Santa Barbara Permaculture Network presents 2024 Eco Hero Award Honoring Albert K. Bates

COST: [$10,$20,$100 plus Lobero Fee]
Organizer: Santa Barbara Permaculture Network
Posted by:margie

Santa Barbara Permaculture Network presents

2024 Eco Hero Award Honoring Albert K. Bates

Biochar Pioneer/Global Ecovillage Network UN Delegate/Author/Permaculture Teacher & Designer

Date: Saturday, February 24, 2024 at 6:30 PM

Santa Barbara Permaculture Network celebrates its fourth Annual Eco Hero Award, honoring Albert K. Bates, Environmental Lawyer, Author, Right Livelihood Award recipient, UN Climate Conference Delegate, and Biochar Pioneer.

A perennial good-natured optimist, but hard-core realist, Albert Bates has been an advocate for the Earth and its ecosystems for over 50 years.

Like many of his generation, he gravitated towards living in an intentional community, joining The Farm ecovillage in Tennessee in 1972, after trekking (Thru-Hiking) north to south the entire Appalachian Trail.  In his years at The Farm ecovillage, he learned many practical skills, working as a horse farmer, mason, solar technician, illustrator, typesetter, flour miller, riding instructor, mushroom grower, paramedic, councilman and schoolteacher.

Serving on the executive board of Plenty-USA, a not for profit organization founded by members of The Farm that put small water, energy, and health-care systems into underserved communities around the world.  In 1980, The Farm and Plenty were awarded the first Right Livelihood Award, sometimes called the alternative Nobel Peace prize, for “caring, sharing and acting with and on behalf of those in need at home and abroad.”  Plenty supports economic self-sufficiency, cultural integrity and environmental responsibility in partnership with community groups and organizations in Central America, the U.S., the Caribbean, and Africa.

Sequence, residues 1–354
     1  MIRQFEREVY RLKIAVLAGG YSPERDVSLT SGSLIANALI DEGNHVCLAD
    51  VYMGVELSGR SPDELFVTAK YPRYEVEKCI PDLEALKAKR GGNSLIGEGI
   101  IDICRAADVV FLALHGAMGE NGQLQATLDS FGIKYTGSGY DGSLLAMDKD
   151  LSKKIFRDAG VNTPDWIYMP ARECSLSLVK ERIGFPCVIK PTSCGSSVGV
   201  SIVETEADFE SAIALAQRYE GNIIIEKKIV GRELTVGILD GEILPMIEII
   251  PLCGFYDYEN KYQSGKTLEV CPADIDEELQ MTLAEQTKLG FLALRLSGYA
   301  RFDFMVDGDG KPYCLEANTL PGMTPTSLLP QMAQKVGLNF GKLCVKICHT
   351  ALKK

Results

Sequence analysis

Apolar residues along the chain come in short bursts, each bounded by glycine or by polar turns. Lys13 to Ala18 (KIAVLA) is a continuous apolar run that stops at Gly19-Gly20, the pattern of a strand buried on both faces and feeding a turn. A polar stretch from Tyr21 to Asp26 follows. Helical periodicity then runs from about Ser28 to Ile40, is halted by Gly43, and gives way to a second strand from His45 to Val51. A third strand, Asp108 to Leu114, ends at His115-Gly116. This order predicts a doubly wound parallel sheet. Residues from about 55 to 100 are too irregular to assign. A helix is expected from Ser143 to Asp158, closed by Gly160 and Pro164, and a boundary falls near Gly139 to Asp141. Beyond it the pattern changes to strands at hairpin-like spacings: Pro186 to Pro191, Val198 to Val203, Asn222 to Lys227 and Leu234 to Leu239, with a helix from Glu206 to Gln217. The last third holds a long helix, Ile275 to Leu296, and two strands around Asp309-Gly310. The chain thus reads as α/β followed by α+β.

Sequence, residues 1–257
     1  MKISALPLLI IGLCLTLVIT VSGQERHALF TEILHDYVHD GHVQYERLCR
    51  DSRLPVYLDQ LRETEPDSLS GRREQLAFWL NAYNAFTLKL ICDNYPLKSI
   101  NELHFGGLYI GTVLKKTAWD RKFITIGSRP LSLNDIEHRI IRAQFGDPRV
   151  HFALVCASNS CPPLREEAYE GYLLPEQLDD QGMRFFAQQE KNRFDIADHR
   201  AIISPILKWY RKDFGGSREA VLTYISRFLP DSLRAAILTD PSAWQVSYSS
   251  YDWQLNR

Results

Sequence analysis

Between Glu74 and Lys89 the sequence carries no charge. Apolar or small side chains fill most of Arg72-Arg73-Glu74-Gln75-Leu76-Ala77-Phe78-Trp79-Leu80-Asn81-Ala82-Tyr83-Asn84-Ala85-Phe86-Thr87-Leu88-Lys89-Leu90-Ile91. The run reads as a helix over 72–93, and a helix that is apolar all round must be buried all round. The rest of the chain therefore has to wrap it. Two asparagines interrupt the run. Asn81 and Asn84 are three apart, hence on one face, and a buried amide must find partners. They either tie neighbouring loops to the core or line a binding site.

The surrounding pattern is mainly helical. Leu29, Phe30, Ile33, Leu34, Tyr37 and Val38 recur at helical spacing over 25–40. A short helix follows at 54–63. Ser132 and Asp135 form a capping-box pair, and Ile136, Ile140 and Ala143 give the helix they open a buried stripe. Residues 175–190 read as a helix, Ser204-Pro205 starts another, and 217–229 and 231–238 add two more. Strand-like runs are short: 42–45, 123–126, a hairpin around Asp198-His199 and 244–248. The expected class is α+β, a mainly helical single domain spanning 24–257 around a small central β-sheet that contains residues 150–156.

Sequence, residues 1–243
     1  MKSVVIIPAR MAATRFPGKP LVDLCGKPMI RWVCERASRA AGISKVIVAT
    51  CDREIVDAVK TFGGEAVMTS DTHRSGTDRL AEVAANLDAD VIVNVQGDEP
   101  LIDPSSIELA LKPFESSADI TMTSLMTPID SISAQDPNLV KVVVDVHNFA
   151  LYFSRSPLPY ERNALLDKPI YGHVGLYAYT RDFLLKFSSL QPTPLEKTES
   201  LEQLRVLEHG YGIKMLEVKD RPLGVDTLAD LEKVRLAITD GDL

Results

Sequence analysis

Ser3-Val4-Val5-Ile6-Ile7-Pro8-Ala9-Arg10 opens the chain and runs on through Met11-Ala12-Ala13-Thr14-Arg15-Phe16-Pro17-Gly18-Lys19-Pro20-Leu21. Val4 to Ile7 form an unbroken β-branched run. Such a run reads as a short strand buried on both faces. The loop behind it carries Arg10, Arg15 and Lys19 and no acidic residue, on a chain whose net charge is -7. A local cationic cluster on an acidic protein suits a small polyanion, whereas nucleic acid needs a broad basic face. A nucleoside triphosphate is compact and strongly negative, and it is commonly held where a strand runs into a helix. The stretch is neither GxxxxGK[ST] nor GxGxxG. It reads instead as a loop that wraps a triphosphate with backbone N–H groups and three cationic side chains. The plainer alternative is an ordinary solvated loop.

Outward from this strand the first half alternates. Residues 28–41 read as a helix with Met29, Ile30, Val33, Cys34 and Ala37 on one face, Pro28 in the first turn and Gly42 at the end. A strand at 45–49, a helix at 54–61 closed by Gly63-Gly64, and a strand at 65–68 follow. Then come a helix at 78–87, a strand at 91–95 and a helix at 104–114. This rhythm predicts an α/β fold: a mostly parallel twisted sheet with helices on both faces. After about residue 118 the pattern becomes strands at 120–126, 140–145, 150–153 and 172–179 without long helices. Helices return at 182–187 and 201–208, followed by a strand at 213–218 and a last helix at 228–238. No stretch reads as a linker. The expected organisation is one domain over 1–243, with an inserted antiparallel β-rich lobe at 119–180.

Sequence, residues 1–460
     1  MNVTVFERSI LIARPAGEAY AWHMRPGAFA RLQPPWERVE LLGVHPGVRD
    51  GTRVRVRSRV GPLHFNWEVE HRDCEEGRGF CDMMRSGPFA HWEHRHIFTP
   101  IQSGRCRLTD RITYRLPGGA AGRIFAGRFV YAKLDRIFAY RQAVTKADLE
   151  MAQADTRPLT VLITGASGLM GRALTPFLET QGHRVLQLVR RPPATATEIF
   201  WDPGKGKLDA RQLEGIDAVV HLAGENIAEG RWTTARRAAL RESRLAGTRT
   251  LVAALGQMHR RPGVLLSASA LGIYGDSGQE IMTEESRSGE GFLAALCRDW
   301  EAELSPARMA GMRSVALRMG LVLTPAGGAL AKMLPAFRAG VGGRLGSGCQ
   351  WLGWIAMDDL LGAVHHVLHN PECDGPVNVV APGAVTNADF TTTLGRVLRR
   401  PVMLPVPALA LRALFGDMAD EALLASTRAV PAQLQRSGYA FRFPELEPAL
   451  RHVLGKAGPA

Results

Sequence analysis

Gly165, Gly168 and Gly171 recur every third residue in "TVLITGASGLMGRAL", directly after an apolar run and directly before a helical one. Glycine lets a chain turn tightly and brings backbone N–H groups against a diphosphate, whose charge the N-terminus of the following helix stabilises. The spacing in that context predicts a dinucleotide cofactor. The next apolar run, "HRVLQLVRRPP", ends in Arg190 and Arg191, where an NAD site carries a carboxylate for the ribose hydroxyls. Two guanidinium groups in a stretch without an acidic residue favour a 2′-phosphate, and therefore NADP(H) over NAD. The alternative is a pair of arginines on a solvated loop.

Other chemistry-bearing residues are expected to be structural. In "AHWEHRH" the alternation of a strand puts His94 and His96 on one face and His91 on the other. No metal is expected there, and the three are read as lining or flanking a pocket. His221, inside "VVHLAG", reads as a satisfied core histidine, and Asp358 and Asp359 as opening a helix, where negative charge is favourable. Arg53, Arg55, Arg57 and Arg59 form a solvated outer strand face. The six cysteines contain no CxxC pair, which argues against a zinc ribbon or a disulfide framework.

With Plenty, Bates founded the Natural Rights Center and launched a lawsuit to end atomic power on human rights grounds that went before 22 federal judges and four times to the United States Supreme Court.  Bates also challenged uranium mining in the Black Hills and the first strike MX Missile deployment in the Dakotas.  He also challenged a State law retroactively disenfranchising all felons, winning a State Supreme Court order that restored the right to vote to more than 200,000 citizens in Tennessee.

As a young lawyer, he defended rural Tennessee residents from some of the most dangerous toxins imaginable that were being dumped by agrochemical companies into the Knox Aquifer, a primary source of citizens drinking water.  Bringing in experts and showing statistically high cancer rates by county, he won a statewide ban on fracking and deep well injection.

While researching that case, he began a journey of learning about how climate change might affect water rights in the future, which led to his fifth book, Climate in Crisis: The Greenhouse Effect and What We Can Do (1990) with a foreword by Al Gore.  Shaken by all he learned, he retired from the practice of law and took up forest mushroom farming with a mail-order catalog called Mushroompeople.